Wes and Jeanie

    My son Wesley will be in 9th grade in the fall, which hardly seems possible.  He’s the youngest of our three sons, and it is a challenge for me to not think of him as “little”.  He has had a massive growth spurt this past year, and his voice has dramatically deepened.  Whether I’m ready or not, Wesley is no longer little.  He is an excellent big brother to our toddler, Jeanie.  He’s in the teen youth group at church.  It just feels odd to me, still.  Through much thought and research and prayer, we have decided to try Wesley at an “brick and mortar” school for this coming fall.  None of our kids have ever gone to a “real” school before.  But…  I have long felt that I just don’t quite speak Wesley’s educational language.  He hasn’t suffered under my instruction, and testing shows he is on course or ahead for his grade level.  However, I don’t feel like I’m best-suited to maximize his potential, since his potential is in areas where I’m not strong.  There is a charter school (publicly funded, privately run) less than a mile from us;  I have checked them out before, and I like their literature-based, liberal arts approach.  It’s a small school:  this coming year, they’ll very likely have less than 150 students, only 9th – 11th graders.  Most kids bring their own lunches (which seems trivial, but with Wesley’s celiac disease, dairy allergy, and peanut allergy, I didn’t want him to feel like he’s the odd man out, bringing his own lunch every day).  And then, a good friend of ours took a job as the English teacher there.  This man is everything you’d hope for in a teacher:  brilliant, kind, patient, thoughtful, a good leader….  I do believe he’d be an excellent teacher for Wesley for English, which has long been Wes’ poorest subject.  The daughter of that teacher, as well as another friend of Wesley’s, will also be attending the school.  My husband Martin and I have discussed, toured the school together, talked on the phone with the principal, e-mailed back and forth with staff, read every click on the school’s website, and PRAYED.  However, neither of us have felt any strong inclination or direction from God.  We both feel like He’s saying, “All right.  It’s up to you.  You can give it a shot.”  I’d feel a thousand times better if I had heard something more specific than that.  But…  It’ll do, for now.  This next week, I’ll be enrolling Wes.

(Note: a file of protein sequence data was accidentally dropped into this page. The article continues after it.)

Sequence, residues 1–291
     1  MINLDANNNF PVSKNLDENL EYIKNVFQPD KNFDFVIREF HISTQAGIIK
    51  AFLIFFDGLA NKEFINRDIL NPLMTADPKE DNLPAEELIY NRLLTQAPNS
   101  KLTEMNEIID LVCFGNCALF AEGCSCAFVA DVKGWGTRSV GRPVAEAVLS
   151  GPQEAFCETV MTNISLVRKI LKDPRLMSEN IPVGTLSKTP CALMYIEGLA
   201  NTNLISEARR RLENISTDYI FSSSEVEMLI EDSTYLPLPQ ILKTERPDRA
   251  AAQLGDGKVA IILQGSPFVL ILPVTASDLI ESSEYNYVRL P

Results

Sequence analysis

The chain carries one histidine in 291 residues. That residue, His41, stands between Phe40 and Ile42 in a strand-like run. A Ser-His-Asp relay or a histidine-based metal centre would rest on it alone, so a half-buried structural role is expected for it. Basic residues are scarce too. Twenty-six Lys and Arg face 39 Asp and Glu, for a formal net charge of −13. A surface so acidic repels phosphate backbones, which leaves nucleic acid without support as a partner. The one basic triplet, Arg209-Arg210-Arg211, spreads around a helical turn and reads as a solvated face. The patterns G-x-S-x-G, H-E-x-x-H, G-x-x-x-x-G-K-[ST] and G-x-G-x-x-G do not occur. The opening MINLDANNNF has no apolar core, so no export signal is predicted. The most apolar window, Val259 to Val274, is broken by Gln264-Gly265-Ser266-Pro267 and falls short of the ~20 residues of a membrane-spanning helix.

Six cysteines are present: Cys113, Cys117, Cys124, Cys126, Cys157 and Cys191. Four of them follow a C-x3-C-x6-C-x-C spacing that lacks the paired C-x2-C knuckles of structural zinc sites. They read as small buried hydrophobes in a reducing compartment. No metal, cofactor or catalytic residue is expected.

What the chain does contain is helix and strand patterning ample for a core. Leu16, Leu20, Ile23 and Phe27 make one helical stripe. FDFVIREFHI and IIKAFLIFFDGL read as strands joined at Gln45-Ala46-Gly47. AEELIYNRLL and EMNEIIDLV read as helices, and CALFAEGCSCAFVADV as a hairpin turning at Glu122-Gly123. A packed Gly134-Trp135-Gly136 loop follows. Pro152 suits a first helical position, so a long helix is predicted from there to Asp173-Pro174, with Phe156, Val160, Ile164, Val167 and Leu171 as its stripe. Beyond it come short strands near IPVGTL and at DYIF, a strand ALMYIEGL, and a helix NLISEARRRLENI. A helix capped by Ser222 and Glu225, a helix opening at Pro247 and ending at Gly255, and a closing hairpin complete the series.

• Artsy, funky, fun, LOUD Audrey

    Artsy, funky, fun, LOUD Audrey